Close finishes between Australia and New Zealand December 7, 2005

Falling short by a whisker

Cricinfo staff
Cricinfo looks at some of the other nailbiters between these Australia and New Zealand over the years

New Zealand came within touching distance of pulling off the fourth-highest run chase in ODI history in the second match of the Chappell-Hadlee Series at Wellington. Cricinfo looks at some of the other nailbiters between these two sides over the years.

The latest heart-stopper: Australia win by 2 runs at Wellington © Getty Images

New Zealand won by 1 run, Sydney 1980-81
Len Pascoe took 3 for 37 and Dennis Lillee conceded just 27 runs off ten overs as New Zealand managed only 220 for 8 after choosing to bat. John Wright anchored the innings with 78 off 135 balls after losing Bruce Edgar on 2 but none of the other batsmen made any significant contribution. In reply, Australia crumbled to 123 for 5 before Doug Walters (50 not out) and Rodney Marsh (49) put on 78 runs for the sixth wicket. However, after Marsh fell, Walters could not take Australia home and they fell short by one run. Ewen Chatfield returned splendid figures of 1 for 26 off ten overs for New Zealand.

Australia won by 3 runs, Indore, 1987 World Cup
Australia held their nerve to come up trumps by three runs in a rain-reduced 30-over contest at Indore in the 1987 World Cup. Chasing 199 to win, New Zealand were given a brisk 83-run start from Ken Rutherford (37) and John Wright who, in a rare departure from his stoic style, had blasted himself to 47 from 44 balls with two sixes. Simon O'Donnell, however, dismissed the duo in quick succession, before the trio of Bruce Reid, Craig McDermott, and the steel-blooded Steve Waugh took over. Not even Martin Crowe's thrilling 58 from 48 balls could prevent a frenetic middle-order collapse as New Zealand lost five wickets for 29 runs, finishing on 196 for 9. The irony: this was a reserve day.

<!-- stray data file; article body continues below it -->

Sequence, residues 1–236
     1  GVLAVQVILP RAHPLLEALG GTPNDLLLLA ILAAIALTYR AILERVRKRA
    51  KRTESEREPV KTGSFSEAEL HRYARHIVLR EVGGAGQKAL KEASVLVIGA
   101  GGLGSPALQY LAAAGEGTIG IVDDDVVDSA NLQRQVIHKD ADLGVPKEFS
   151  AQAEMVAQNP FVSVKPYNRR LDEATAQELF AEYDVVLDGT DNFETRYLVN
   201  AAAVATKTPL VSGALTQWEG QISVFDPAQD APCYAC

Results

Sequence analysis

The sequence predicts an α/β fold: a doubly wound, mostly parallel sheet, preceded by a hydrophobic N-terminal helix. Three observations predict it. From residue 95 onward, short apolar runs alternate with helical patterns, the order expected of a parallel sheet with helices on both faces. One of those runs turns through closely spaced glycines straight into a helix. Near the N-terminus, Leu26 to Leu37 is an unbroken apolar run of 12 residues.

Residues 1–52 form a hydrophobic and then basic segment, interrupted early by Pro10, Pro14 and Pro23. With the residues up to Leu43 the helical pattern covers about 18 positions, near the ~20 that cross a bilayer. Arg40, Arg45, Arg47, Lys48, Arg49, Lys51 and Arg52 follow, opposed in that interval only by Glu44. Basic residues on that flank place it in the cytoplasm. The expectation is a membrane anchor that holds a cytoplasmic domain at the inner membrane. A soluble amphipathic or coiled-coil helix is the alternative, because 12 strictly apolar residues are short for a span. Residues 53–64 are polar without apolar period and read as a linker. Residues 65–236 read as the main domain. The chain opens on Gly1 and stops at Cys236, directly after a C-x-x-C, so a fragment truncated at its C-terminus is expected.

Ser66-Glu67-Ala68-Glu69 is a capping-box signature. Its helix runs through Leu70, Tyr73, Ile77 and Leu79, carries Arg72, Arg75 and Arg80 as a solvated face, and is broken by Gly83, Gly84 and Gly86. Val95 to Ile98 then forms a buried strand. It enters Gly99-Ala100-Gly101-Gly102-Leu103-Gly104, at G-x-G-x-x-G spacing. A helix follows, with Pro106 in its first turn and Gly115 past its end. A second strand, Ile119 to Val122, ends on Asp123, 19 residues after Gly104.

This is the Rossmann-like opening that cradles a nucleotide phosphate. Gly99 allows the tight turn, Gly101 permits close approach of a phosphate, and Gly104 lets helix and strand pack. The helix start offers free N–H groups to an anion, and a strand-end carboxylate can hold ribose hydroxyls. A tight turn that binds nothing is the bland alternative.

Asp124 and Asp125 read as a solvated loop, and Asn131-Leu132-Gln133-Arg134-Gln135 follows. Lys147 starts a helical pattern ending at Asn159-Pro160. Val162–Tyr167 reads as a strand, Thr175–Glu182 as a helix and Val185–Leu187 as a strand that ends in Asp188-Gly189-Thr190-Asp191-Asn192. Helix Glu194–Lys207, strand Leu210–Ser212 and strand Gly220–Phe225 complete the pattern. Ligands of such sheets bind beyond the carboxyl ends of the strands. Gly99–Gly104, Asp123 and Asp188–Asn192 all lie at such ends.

New Zealand won by 1 run, Perth, 1987-88
This was nearly the Dean Jones match. Set a target of 233, he guided the Australian tail from a shaky 132 for 6 to 221 for 8 before getting run-out for a brilliant 92. Jones was the ninth wicket to fall before Martin Snedden removed Mike Whitney to clinch a thriller. New Zealand, opting to bat first, had lost their way after Andrew Jones (87) and Martin Crowe (45) had added 106 runs for the second wicket to lift them to 233.

New Zealand won by 1 run, Hobart, 1990-91
Australia, chasing 195, rode on Geoff Marsh's half-century to be comfortably placed at 93 for 2 when Richard Petrie, the medium-pacer, struck to remove Mark Waugh to trigger a collapse. Five wickets fell for 60 runs as all the New Zealand bowlers maintained the pressure. Australian hopes then hung on Allan Border, the captain, who took them to 177 when a series of run-outs ended their challenge. Border, Terry Alderman and Bruce Reid all were run-out in the frenzy of the chase at the end. Earlier Bryan Young, who was the man-of-the-match, steered New Zealand to a fighting total with a breezy 41 off 37 balls.

Jeff Wilson made 21 but New Zealand fell short by three runs at Auckland © Getty Images

Australia won by 3 runs, Auckland, 1992-93
At 175 for 8, needing 233 to win, New Zealand had frittered Mark Greatbatch's resolute 68 before Gavin Larsen (33 not out) and Chris Pringle (29 not out) mounted a stellar rear-guard fightback. The pair put on 54 runs in quick time but New Zealand fell three agonising runs short of the target. Mark Waugh had scored a run-a-ball 83 and Australia looked set for a big total before Rod Latham, who finished with 5 for 32, tore into the middle order and restricted Australia to 232 for 8.

Australia won by 3 runs, Melbourne, 1993-94
Shane Warne was in supreme form, taking four crucial wickets as Australia clinched a thriller at Melbourne. After Mark Taylor's 81 had taken Australia to 202 for 5 in 50 overs, New Zealand's inability to cope with Warne's magic saw them fall short by three runs. Shane Thompson threatened to take the match away with an exciting 42, but in the end Warne was too good, sending down 10 miserly overs for just 19 runs. Mark Waugh was the surprise package, though, chipping in with the vital wickets of Ken Rutherford and Gavin Larsen.